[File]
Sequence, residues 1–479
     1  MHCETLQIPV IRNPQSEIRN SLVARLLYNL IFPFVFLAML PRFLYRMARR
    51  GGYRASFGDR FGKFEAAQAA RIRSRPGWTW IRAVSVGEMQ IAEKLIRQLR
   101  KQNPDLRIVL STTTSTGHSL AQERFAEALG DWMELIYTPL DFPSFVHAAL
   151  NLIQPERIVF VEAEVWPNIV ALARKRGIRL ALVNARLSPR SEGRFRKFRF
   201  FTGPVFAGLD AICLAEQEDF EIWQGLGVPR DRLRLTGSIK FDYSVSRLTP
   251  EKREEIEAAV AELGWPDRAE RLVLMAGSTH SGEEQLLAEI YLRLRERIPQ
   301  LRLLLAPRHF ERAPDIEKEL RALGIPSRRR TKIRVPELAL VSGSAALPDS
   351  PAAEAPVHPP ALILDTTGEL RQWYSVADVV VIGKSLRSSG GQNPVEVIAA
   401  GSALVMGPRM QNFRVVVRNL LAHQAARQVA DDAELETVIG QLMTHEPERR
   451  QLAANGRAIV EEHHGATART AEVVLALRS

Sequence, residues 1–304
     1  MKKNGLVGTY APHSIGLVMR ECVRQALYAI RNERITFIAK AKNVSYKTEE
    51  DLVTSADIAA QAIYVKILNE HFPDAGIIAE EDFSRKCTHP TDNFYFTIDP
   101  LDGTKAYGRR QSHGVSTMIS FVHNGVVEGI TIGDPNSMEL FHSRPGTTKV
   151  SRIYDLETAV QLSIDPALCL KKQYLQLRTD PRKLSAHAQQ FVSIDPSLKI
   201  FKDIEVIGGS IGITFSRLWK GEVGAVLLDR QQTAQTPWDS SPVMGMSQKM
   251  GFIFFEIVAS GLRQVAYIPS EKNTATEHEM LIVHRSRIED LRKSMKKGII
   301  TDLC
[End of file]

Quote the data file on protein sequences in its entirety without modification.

Sequence, residues 1–479
     1  MHCETLQIPV IRNPQSEIRN SLVARLLYNL IFPFVFLAML PRFLYRMARR
    51  GGYRASFGDR FGKFEAAQAA RIRSRPGWTW IRAVSVGEMQ IAEKLIRQLR
   101  KQNPDLRIVL STTTSTGHSL AQERFAEALG DWMELIYTPL DFPSFVHAAL
   151  NLIQPERIVF VEAEVWPNIV ALARKRGIRL ALVNARLSPR SEGRFRKFRF
   201  FTGPVFAGLD AICLAEQEDF EIWQGLGVPR DRLRLTGSIK FDYSVSRLTP
   251  EKREEIEAAV AELGWPDRAE RLVLMAGSTH SGEEQLLAEI YLRLRERIPQ
   301  LRLLLAPRHF ERAPDIEKEL RALGIPSRRR TKIRVPELAL VSGSAALPDS
   351  PAAEAPVHPP ALILDTTGEL RQWYSVADVV VIGKSLRSSG GQNPVEVIAA
   401  GSALVMGPRM QNFRVVVRNL LAHQAARQVA DDAELETVIG QLMTHEPERR
   451  QLAANGRAIV EEHHGATART AEVVLALRS

Sequence, residues 1–304
     1  MKKNGLVGTY APHSIGLVMR ECVRQALYAI RNERITFIAK AKNVSYKTEE
    51  DLVTSADIAA QAIYVKILNE HFPDAGIIAE EDFSRKCTHP TDNFYFTIDP
   101  LDGTKAYGRR QSHGVSTMIS FVHNGVVEGI TIGDPNSMEL FHSRPGTTKV
   151  SRIYDLETAV QLSIDPALCL KKQYLQLRTD PRKLSAHAQQ FVSIDPSLKI
   201  FKDIEVIGGS IGITFSRLWK GEVGAVLLDR QQTAQTPWDS SPVMGMSQKM
   251  GFIFFEIVAS GLRQVAYIPS EKNTATEHEM LIVHRSRIED LRKSMKKGII
   301  TDLC